I think the problem is that such an app tracks the location of the user and location specific ads will constantly remind the user that their physical location is being tracked.
This is an obvious privacy and security issue but I also think Apple wants to prevent users from experiencing that creepy feeling that comes from knowing somebody is tracking you against your will.
In order to feed the iPhone location based adds, you have to upload the location of the iPhone to a server, process the appropriate adds for the location and push them back. That means that an external 3rd party, that neither Apple nor the user can control, is constantly tracking the location of the phone while the app is active. Since an app can capture info identifying individual phones, that turns the app into spy program.
Even if you actually did all the processing inside the app on a single phone e.g. looking up an internal local database, the user would still most likely assume they were being tracked remotely.
There is no way Apple will risk the damage to the iPhone's brand that would come from news stories screaming, "iPhone App Secretly Tracks User's Locations Anywhere in the World!"
The library you have in mind is clearly verboten. You could might get way with it if had a mechanism for constantly asking the user if they wanted to load location specific ads.
(BEGIN RANT: As an aside, I would say this sounds like something the explicative-deleteds in marketing came up with. They think "Hey, we can push location targeted ads at users and force them see those ads when they use any of the apps with the library! Think how great that will be for advertisers!"
Marketing driven design is almost always a disaster. If they started the design with the idea, "Hey, I think I as a user would like to have the option of seeing ads relevant to my location with a mechanism I control and which protects my privacy and security," then they would come up with a much better library.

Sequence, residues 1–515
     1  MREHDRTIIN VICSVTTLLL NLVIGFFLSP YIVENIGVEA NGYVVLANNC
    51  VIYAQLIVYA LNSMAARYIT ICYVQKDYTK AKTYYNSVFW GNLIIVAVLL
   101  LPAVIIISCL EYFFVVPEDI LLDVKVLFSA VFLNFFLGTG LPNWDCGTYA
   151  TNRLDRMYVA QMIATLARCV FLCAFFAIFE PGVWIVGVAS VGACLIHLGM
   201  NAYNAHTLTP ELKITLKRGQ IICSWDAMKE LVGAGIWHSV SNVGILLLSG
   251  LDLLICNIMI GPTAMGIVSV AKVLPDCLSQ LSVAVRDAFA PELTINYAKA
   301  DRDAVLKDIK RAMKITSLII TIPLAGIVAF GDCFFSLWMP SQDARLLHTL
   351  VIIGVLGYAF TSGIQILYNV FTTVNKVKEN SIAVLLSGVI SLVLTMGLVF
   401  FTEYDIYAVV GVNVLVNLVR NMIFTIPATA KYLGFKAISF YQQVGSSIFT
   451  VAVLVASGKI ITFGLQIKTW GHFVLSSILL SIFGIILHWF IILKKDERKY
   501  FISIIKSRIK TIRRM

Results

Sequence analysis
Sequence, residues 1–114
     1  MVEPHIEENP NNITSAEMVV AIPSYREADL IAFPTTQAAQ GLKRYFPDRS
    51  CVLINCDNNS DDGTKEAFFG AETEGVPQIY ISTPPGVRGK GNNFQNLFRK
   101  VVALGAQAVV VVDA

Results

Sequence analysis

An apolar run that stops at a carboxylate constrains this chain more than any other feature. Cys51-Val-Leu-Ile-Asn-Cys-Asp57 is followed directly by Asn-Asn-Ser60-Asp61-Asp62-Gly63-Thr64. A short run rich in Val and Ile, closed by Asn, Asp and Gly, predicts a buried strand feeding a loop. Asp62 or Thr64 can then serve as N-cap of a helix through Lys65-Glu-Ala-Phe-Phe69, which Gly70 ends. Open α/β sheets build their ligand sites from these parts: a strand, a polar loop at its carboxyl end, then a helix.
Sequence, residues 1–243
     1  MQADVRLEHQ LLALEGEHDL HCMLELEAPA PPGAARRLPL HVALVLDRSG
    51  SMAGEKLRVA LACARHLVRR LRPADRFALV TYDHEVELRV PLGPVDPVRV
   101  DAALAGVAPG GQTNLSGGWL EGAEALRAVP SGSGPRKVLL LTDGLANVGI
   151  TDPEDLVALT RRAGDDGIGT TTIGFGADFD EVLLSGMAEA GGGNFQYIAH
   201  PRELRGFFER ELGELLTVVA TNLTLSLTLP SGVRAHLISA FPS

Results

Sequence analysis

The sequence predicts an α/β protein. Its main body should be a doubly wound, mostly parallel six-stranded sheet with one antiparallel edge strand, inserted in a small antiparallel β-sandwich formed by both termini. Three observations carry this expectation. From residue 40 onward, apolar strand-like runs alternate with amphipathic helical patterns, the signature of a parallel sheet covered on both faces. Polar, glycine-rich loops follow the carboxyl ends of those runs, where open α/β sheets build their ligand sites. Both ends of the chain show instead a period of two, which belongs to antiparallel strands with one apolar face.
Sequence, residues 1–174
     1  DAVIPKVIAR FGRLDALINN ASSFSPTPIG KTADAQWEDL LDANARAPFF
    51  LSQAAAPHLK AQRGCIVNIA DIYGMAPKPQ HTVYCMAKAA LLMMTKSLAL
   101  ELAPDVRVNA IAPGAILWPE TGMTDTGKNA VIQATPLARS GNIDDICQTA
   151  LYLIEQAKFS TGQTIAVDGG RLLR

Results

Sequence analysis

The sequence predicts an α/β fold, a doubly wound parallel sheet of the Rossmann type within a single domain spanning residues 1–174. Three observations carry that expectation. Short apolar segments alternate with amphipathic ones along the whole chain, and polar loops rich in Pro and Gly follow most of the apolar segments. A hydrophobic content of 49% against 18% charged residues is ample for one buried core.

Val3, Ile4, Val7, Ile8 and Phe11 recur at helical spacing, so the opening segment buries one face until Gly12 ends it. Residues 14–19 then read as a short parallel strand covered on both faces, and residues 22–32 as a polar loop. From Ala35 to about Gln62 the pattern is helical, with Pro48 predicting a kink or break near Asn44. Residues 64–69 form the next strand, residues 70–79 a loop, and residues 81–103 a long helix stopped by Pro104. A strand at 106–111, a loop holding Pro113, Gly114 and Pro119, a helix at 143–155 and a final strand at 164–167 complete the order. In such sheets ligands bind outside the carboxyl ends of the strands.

In the long run, you make money by giving end users more power and control over their work and lives. You don't make it by strapping them down and force feeding them what you want.
If you personally wouldn't want the functionality and no users have asked you for the functionality, then its probably a bad idea. END RANT)
Let me address this:
So from one point of view we are
advertising a cafe, but from another
point of view we are giving the user
an advice about places to eat around
him. So what is the border between an
ad and advice to a user?
I used to work at Apple in several capacities so I understand a bit how they think.
An ad is something pushed onto the user with any prior action of the user's part. The user doesn't request the ads, doesn't select the ads may not even want the ad but they just appear anyway.
Advice is something the user ask for explicitly. An app with a button that says "Show adds for businesses in your immediate vicinity" would fall under the heading of advice. Even an app whose stated function was to show adds for businesses in the vicinity would be fine. In both cases, the user request specific information. It is not pushed onto them. More importantly, the user can control if they send their location or not.
I got caught in the nutcracker back when Apple thought it was a good idea to have dialogs popping up telling people how to upgrade to Quicktime pro. It caused no ends of problems for end users especially those in institutions because it took control out of the hands of end users and administrators. I got to stand between irate customers and the genius that thought of the idea, which turned out to the actual genius Steve Jobs. Eventually, he saw the light and the desktop ad experiment was terminated.
Jobs and Apple learned their lesson. Don't force ads on end users. Especially don't tie ads to the functioning of the software (in this case, the location manager.)